Tips for optimizing GPU rendering performance

Although GPU rendering can greatly improve performance of SWF content, the content's design plays an important role. Remember that settings that have historically worked well in software rendering sometimes do not work well with GPU rendering. The following tips can help you achieve good performance with GPU rendering without incurring any performance penalty in software rendering.

Note: In order to leverage GPU acceleration of Flash content with AIR for mobile platforms, Adobe recommends that you use renderMode="direct" (that is, Stage3D) rather than renderMode="gpu". Adobe officially supports and recommends the following Stage3D based frameworks: Starling (2D) and Away3D (3D). For more details on Stage3D and Starling/Away3D, see http://gaming.adobe.com/getstarted/.
  • Avoid using wmode=transparent or wmode=opaque in HTML embed parameters. These modes can result in decreased performance. They can also result in a small loss in audio-video synchronization in both software and hardware rendering. Furthermore, many platforms do not support GPU rendering when these modes are in effect, significantly impairing performance.

  • Use only the normal and alpha blend modes. Avoid using other blend modes, especially the layer blend mode. Not all blend modes can be reproduced faithfully when rendered with the GPU.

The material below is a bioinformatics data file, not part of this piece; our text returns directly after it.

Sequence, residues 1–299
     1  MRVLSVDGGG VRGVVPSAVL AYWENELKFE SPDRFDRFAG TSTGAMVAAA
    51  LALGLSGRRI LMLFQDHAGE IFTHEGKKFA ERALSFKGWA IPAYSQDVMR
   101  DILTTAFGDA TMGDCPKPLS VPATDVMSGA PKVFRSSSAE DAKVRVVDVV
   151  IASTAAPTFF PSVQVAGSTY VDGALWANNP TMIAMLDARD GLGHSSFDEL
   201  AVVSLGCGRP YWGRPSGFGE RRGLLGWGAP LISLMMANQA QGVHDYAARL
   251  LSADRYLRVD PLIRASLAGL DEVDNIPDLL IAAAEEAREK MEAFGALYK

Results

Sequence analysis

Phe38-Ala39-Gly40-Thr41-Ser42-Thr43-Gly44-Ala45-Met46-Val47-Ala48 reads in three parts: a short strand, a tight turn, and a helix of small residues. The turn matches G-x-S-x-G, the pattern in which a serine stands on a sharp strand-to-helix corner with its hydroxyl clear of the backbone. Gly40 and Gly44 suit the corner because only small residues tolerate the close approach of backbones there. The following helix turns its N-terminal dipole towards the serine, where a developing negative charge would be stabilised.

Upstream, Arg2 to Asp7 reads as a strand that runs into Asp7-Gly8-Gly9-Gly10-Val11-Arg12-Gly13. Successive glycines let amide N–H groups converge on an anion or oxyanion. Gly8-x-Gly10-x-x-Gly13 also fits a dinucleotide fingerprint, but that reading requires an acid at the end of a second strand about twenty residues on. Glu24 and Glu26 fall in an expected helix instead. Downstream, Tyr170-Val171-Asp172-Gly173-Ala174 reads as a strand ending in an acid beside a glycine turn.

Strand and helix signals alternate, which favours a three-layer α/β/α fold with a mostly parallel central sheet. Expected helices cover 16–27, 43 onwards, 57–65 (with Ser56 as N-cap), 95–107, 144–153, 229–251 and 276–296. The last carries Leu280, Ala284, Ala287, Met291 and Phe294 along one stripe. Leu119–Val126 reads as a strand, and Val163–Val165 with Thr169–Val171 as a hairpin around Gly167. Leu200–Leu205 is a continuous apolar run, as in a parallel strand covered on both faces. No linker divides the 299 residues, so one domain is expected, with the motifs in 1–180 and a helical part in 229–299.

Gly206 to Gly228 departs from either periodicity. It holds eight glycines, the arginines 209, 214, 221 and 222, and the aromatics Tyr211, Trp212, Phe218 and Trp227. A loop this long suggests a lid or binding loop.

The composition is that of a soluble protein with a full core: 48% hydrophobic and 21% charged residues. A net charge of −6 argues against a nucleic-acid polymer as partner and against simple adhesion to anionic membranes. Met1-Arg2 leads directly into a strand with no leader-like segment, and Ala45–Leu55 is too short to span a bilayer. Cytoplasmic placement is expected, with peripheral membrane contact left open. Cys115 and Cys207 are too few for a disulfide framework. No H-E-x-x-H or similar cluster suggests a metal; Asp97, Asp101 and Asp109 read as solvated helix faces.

• When a GPU renders vector graphics, it breaks them up into meshes made of small triangles before drawing them. This process is called tessellating. Tessellating incurs a small performance cost, which increases as the complexity of the shape increases. To minimize performance impact, avoid morph shapes, which GPU rendering tessellates on every frame.

  • Avoid self-intersecting curves, very thin curved regions (such as a thin crescent moon), and intricate details along the edges of a shape. These shapes are complex for the GPU to tessellate into triangle meshes. To understand why, consider two vectors: a 500 × 500 square and a 100 × 10 crescent moon. A GPU can easily render the large square because it's just two triangles. However, it takes many triangles to describe the curve of the crescent moon. Therefore, rendering the shape is more complicated even though it involves fewer pixels.

  • Avoid large changes in scale, because such changes can also cause the GPU to again tessellate the graphics.

  • Avoid overdrawing whenever possible. Overdrawing is layering multiple graphical elements so that they obscure each other. Using the software renderer, each pixel is drawn only once. Therefore, for software rendering, the application incurs no performance penalty regardless how many graphical elements are covering each other at that pixel location. By contrast, the hardware renderer draws each pixel for each element whether other elements obscure that region or not. If two rectangles overlap each other, the hardware renderer draws the overlapped region twice while the software renderer draws the region only once.

    Therefore, on the desktop, which use the software renderer, you typically do not notice a performance impact of overdraw. However, many overlapping shapes can adversely affect performance on devices using GPU rendering. A best practice is to remove objects from the display list rather than hiding them.

  • Avoid using a large filled rectangle as a background. Set the background color of the Stage instead.

  • Avoid the default bitmap fill mode of bitmap repeat whenever possible. Use bitmap clamp mode instead to achieve better performance.